controlling the relative rates of injection of said fluids to be in proportion to the relative magnitudes of the areas of the fracture desired to be occupied by said fluids,

one of said fluids containing particulate material capable of propping said fracture,

the other of said fluids being substantially free of particulate material capable of propping said fracture, and

releasing said hydraulic pressure.

5. A method of fracturing a subterranean rock formation penetrated by a Well bore provided with tubing smaller than the well bore which comprises applying to the formation at the desired location of the fracture a hydraulic pressure exceeding the overburden pressure by a sufficient amount to effect fracture of the rock,

injecting via said tubing 21 first pressurized fluid into a desired region of said fracture during propagation thereof,

i2 contemporaneously injecting via the annular space around said tubing 21 second pressurized fluid into a different desired region of said fracture during propagation thereof,

controlling the relative rates of injection of said fluids,

one of said fluids containing particulate material capable of propping said fracture,

the other of said fluids being substantially free of particulate material capable of propping said fracture, and

releasing said hydraulic pressure.

6. A method of fracturing a subterranean rock formation penetrated by a well bore provided with tubing smaller than the well bore and said tubing being provided with at least one transversely directed opening which comprises notching the formation at the desired location by injecting an abrasive fluid through said tubing and said opening While simultaneously rotating said tubing,

discontinuing rotation of said tubing,

subsequently applying to the formation at the location of said notch a hydraulic pressure suflicient to effect fracture of the rock,

injecting via said tubing a first pressurized fluid into a desired region of said fracture during propagation thereof,

simultaneously injecting via the annular space around said tubing a second pressurized fluid into a different desired region of said fracture during propagation thereof,

controlling the relative rates of injection of said first and second pressurized fluids,

one of said fluids containing particulate material capable of propping said fracture,

the other of said fluids being substantially free of particulate material capable of propping said fracture, and

releasing said hydraulic pressure.

4/1943 Boynton 166-222 XR 8/1956 DesbroW 166222 XR CHARLES E. OCONNELL, Primary Examiner.

Patent Citations
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US2315496 *Nov 28, 1938Apr 6, 1943Alexander BoyntonPerforator for wells
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Referenced by
Citing PatentFiling datePublication dateApplicantTitle
US3332491 *Jul 28, 1965Jul 25, 1967Pan American Petroleum CorpFracturing earth formations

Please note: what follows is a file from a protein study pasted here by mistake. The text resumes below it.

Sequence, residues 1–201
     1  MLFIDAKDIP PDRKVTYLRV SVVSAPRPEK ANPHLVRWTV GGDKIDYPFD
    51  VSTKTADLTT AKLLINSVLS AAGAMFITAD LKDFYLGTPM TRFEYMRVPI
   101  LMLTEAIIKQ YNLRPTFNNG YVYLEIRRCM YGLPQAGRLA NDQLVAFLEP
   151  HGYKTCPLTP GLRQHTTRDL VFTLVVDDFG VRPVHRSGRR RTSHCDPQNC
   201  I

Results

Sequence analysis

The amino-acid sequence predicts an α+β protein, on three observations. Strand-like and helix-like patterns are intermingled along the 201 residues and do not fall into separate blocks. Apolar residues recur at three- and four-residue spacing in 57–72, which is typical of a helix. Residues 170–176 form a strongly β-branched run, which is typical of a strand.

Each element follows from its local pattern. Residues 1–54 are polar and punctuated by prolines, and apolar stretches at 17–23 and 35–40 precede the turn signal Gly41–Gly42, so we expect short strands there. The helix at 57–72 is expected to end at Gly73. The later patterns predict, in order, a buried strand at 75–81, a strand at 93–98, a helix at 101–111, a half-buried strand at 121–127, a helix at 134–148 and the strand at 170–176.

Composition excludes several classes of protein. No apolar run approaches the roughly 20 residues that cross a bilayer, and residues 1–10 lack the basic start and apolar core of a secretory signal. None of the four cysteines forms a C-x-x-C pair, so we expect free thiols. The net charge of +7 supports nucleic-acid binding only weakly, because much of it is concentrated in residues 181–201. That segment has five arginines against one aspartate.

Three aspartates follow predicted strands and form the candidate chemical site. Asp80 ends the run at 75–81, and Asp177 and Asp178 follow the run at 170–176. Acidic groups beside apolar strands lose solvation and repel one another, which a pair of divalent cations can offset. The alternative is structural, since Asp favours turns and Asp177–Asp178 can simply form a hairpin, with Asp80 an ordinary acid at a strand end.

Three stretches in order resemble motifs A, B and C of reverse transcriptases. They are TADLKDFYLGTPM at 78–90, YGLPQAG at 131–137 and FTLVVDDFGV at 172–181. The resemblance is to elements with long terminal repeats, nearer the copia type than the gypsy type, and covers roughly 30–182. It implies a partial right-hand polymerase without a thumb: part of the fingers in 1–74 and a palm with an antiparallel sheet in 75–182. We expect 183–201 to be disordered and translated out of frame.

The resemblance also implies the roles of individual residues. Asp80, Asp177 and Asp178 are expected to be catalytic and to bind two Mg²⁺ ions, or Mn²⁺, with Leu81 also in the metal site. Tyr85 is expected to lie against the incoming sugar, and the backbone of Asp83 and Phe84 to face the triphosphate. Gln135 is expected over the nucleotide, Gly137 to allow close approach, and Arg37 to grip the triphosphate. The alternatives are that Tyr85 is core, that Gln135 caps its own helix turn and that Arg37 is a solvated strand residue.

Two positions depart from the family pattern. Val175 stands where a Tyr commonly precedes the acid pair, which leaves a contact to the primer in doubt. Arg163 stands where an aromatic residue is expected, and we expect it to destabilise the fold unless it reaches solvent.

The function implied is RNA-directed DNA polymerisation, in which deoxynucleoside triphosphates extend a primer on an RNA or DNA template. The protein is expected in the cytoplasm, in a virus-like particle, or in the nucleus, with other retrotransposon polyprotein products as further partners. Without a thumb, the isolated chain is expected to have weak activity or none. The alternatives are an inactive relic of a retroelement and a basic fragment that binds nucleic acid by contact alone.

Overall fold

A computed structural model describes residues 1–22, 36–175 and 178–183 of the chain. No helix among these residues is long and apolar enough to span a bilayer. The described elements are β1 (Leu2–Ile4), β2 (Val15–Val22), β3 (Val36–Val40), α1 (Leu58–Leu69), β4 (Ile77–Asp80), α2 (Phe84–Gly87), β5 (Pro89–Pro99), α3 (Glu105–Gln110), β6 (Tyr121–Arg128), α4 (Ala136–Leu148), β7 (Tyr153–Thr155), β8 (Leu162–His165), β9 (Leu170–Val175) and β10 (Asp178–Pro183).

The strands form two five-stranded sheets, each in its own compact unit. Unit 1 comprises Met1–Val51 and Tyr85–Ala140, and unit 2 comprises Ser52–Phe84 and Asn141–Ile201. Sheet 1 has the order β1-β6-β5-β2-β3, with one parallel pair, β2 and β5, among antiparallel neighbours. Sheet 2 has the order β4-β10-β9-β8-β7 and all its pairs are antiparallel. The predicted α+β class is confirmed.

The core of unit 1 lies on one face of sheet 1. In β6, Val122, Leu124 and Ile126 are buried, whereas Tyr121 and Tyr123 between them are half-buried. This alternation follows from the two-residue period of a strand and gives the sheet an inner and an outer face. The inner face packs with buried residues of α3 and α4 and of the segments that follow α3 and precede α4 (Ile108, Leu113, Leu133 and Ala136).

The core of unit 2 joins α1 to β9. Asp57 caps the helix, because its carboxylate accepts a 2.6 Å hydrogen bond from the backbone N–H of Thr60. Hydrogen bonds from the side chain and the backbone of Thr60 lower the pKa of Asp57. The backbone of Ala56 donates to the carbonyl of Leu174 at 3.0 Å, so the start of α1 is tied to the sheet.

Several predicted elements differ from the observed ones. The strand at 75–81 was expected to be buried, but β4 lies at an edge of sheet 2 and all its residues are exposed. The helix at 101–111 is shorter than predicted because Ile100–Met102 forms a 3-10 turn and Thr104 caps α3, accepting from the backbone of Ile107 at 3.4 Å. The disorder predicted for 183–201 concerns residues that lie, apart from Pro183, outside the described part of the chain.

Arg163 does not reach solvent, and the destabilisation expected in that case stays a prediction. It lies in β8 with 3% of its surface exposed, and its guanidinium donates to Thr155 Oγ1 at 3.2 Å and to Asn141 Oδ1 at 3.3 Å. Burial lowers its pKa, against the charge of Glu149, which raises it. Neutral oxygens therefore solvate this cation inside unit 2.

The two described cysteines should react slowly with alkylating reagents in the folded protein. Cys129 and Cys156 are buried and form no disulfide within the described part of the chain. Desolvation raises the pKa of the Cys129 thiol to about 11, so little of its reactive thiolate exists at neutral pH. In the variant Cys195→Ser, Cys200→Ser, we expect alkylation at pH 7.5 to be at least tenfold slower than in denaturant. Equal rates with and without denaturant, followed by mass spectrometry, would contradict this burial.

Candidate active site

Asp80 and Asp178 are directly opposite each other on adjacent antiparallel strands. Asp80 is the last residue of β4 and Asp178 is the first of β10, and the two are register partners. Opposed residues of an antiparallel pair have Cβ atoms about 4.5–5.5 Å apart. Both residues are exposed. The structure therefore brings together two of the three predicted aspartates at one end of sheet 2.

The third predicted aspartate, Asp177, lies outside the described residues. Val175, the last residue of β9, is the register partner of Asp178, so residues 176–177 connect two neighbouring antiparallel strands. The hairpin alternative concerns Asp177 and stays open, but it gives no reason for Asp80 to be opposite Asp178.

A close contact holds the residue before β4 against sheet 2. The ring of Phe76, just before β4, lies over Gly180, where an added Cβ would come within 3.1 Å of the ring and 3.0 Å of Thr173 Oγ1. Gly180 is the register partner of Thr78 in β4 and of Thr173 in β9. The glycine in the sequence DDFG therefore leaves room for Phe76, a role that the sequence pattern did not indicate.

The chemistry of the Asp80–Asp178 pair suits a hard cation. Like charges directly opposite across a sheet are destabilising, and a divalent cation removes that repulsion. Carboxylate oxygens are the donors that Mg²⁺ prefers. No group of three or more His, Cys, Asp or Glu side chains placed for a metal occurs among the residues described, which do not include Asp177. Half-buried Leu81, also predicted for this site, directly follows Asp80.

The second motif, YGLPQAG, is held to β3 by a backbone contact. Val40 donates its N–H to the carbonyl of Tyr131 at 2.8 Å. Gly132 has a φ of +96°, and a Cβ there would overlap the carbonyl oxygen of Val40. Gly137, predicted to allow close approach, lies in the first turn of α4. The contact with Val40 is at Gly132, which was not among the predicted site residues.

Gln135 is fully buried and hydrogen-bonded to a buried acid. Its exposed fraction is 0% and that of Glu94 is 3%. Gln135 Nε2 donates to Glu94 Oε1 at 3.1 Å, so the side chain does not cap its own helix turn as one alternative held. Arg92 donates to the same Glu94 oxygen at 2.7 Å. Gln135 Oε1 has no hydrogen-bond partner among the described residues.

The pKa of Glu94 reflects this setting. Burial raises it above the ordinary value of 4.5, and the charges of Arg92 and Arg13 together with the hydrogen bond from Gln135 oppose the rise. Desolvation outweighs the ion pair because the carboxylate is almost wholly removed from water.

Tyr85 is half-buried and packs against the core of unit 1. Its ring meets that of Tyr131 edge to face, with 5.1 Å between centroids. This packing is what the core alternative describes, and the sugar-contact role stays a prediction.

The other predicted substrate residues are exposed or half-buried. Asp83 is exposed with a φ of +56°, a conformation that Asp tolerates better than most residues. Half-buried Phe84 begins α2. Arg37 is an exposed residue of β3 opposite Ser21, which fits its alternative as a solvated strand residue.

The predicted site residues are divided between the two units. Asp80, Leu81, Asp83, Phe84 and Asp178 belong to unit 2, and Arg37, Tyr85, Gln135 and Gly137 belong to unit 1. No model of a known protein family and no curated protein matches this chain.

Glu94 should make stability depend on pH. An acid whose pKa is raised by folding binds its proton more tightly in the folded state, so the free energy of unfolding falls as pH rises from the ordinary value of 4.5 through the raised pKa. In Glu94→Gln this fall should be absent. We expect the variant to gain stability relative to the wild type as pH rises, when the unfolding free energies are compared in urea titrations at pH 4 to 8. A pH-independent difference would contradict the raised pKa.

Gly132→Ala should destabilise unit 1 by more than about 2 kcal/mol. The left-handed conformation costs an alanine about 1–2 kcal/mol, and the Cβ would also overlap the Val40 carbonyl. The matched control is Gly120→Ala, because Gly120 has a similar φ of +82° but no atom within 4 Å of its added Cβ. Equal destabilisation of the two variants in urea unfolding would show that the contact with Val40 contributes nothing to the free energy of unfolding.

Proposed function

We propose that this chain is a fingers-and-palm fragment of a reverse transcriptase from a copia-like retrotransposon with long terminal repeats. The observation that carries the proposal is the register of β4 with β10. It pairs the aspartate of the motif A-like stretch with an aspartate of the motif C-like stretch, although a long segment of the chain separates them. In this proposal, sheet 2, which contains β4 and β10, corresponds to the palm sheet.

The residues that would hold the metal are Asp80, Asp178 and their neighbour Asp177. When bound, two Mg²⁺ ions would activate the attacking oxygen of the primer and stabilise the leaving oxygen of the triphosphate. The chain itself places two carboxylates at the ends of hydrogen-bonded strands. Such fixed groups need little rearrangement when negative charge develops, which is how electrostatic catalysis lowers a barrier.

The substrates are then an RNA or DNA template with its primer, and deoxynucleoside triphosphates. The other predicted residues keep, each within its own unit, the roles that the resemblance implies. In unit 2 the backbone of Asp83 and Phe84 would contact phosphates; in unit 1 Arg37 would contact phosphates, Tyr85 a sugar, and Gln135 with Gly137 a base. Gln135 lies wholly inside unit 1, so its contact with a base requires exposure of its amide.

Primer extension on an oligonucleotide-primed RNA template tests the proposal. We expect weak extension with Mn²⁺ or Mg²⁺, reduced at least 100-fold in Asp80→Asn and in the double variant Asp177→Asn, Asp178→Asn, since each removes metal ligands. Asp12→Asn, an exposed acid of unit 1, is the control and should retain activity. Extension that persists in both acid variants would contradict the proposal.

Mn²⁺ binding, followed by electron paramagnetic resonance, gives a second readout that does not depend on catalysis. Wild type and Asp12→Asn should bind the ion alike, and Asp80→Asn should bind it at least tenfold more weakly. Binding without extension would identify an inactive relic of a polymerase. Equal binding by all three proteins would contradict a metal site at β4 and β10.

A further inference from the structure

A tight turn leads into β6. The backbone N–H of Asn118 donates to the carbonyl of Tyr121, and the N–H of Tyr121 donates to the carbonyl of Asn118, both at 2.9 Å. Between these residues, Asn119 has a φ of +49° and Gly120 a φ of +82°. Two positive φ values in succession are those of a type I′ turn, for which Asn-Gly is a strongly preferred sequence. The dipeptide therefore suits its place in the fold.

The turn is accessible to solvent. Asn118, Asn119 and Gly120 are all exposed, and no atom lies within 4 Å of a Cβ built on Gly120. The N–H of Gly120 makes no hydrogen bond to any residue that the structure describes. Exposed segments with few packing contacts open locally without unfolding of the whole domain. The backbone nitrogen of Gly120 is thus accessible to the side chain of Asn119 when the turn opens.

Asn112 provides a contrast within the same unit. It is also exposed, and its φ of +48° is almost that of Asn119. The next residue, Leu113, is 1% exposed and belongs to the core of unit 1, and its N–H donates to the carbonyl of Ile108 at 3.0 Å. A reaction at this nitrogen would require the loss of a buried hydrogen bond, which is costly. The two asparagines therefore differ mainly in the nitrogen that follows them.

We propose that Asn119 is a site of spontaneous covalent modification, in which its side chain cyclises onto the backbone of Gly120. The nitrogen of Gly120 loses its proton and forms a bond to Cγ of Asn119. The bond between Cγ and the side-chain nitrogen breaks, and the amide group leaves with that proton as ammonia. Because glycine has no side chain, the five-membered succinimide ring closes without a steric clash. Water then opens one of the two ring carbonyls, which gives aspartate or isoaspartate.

US3348616 *Jun 11, 1965Oct 24, 1967Dow Chemical CoJetting device
US3372752 *Apr 22, 1966Mar 12, 1968Dow Chemical CoHydraulic fracturing
US3687203 *Jul 23, 1970Aug 29, 1972Halliburton CoMethod of increasing well productivity
US3858658 *Nov 19, 1973Jan 7, 1975Mobil Oil CorpHydraulic fracturing method for low permeability formations
US3892274 *May 22, 1974Jul 1, 1975Halliburton CoRetrievable self-decentralized hydra-jet tool
US4047569 *Feb 20, 1976Sep 13, 1977Kurban Magomedovich TagirovMethod of successively opening-out and treating productive formations
US4197910 *Mar 31, 1978Apr 15, 1980Chevron Research CompanyJet device for use in wells
US4501322 *Dec 8, 1983Feb 26, 1985Martin Edwin LHyper cleaning casing brush
US4828028 *Jul 19, 1988May 9, 1989Halliburton CompanyMethod for performing fracturing operations
US5159979 *Oct 1, 1991Nov 3, 1992Mobil Oil CorporationEnhanced oil recovery
US5253707 *Feb 12, 1992Oct 19, 1993Atlantic Richfield CompanyInjection well fracturing method
US5377761 *Aug 5, 1993Jan 3, 1995Golder Associates Ltd.Ground fracturing probe
US5575335 *Jun 23, 1995Nov 19, 1996Halliburton CompanyMethod for stimulation of subterranean formations
US6578636Feb 16, 2001Jun 17, 2003Performance Research & Drilling, LlcHorizontal directional drilling in wells
US6889781Jul 3, 2002May 10, 2005Performance Research & Drilling, LlcHorizontal directional drilling in wells
US6964303Jul 3, 2002Nov 15, 2005Performance Research & Drilling, LlcHorizontal directional drilling in wells
US7316274Feb 28, 2005Jan 8, 2008Baker Hughes IncorporatedOne trip perforating, cementing, and sand management apparatus and method
US7401648Jun 13, 2005Jul 22, 2008Baker Hughes IncorporatedOne trip well apparatus with sand control
US7708076Aug 28, 2007May 4, 2010Baker Hughes IncorporatedMethod of using a drill in sand control liner
Classifications
U.S. Classification166/280.1, 166/223, 416/240
International ClassificationE21B43/25, E21B43/267
Cooperative ClassificationE21B43/267
European ClassificationE21B43/267